Individuals kicking the plastic habit: is it enough?

Let me just preface this by saying that I think Beth Terry is fantastic. In case you don’t know, Beth has a website (really, it’s more than just a blog) called My Plastic-Free Life that basically documents her journey of giving up plastic and encourages others to do the same. I’m relatively new to it, but she’s been around since 2007.

It’s great, don’t get me wrong. Plastic is evil; it never goes away and it’s probably not all that good for you (but what is?). I’ve been trying to reduce our plastic consumption too, and have made some big steps: swapping to cloth nappies/diapers and wipes, purchasing metal water bottles, and banning liquid soap from the house. We’ve also been cutting down on tissues and packaged cleaning products, and I’ll continue to cut down as I’m able. Suggestions welcome.


Firstly, the whinge. It’s hard. It’s time-consuming. And it’s expensive. Especially with kids. Many of Beth’s recommendations centre around going to the farmers’ markets with your own cloth bags (not just to carry shopping in, but to bag each type of fruit, vegetable and legume). And buying bread that’s not packaged. And asking every online retailer you ever shop with to please not wrap your products in plastic. I could go on.

Do I have to point out how much all of this is not going to happen? Yes, certainly we could plan better and always have green bags with us, but sometimes we don’t and need to pick something up on the way home. You know, so as to feed the kids and all. Farmers’ market? Butcher? Deli? The supermarket is one of my coping mechanisms as a working mother; often our shopping happens late at night when everything else is shut. And don’t even get me started on the suggestions of “just make [bread/crackers/jam/sauce/tofu] yourself”. In all my spare time, sure. I’ll also get my own cow and milk her.

Then there’s the plastic that kids just attract, like magnets. Not just food packaging, but toys. Toy packaging. Toys begged for. Toys given as gifts. And soon enough, there will be toys bought with own money. Not to mention other miscellaneous stuff, like potties and high chairs and car seats. These things are mentioned in a guest post on My Plastic-Free Life, actually; one commenter suggested taking presents away before the kids get them. That might work for our baby, but I’d like to see someone try that trick with our almost-five-year-old.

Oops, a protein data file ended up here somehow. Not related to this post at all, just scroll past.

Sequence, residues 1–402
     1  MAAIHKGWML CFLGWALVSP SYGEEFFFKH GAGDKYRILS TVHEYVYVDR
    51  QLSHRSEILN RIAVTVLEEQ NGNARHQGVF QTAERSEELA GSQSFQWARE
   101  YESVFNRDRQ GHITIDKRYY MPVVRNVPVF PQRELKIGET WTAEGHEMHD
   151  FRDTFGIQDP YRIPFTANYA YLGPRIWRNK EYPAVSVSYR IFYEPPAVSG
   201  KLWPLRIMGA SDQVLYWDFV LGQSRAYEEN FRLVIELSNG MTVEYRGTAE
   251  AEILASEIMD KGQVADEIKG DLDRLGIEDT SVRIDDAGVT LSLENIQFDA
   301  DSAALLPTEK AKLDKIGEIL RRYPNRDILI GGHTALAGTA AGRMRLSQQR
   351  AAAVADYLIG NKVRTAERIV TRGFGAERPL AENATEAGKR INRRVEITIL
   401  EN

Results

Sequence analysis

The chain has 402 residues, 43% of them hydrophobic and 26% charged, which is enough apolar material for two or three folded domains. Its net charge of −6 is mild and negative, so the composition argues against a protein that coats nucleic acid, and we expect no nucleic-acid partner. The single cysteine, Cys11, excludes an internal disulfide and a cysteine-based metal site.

Still, gradually we can educate and improve and make better choices, especially as our finances improve with time. Sure.

But then, secondly. Really, what’s the point in making these reductions? There’s the feel-good factor, doing something positive for the environment. But in the scheme of the world’s population (not to mention industry) it’s insignificant. I don’t think our tip is appreciably smaller because of the disposable nappies that we didn’t dump in it.

To me, the only real point is to make a point. To show that it’s possible, and then to push for legislation. Because the mounds of plastic are not going to go away because I carried a few organic veges in a hemp bag. They’re going to lessen, maybe, when the companies making them are forced to do better. When bottled water is taxed at 1000% or more. And when we start pushing, as cliched as it may be, for a better future for our children.

Your life in landfill

The proverbial straw, for me, was the disposable toothbrush. Of course, most toothbrushes are disposable (except for these), but I’m talking about the single-use variety. Apparently these have been around for a while, but (because I spend so much time avoiding popular culture) they’ve only just caught my attention. Could there be anything more absurd? Can they possibly do a better job on-the-go as a stick of chewing gum?

Presumably, we’re just too busy to plan ahead for our one-night stands… or whatever other occasion you might want to brush your teeth when not in your own bathroom. Likewise, too busy to put a tablet of Berocca into a glass of water.

Isn’t it about time that there was some kind of regulation governing this type of ridiculous product? Clearly, people can’t be relied upon to make intelligent, sustainable choices about these things. Tissues, paper towels, single-use plastic containers, bottled water… all these things are not only going into landfill, but also cost energy to manufacture.

I’m well aware that as a parent using disposable nappies (aka diapers) it’s hypocritical to say this, but at least nappies are used for a finite period of life. And I am actually giving cloth nappies a go. I’m probably better placed to do this than most women, as my husband does all our laundry: for too many families, cloth nappies are just another burden on women. So I’m all for seeing our disposable lives as a community problem that needs to be solved collectively.

That’s why I think we should deal with the most inane of these products first and work our way up to the ones that are actually useful — it might be worthwhile to create recyclable or biodegradable versions of these. (There are already several brands of biodegradable nappies). Half a brain and half a conscience should be enough to deal with this kind of rubbish.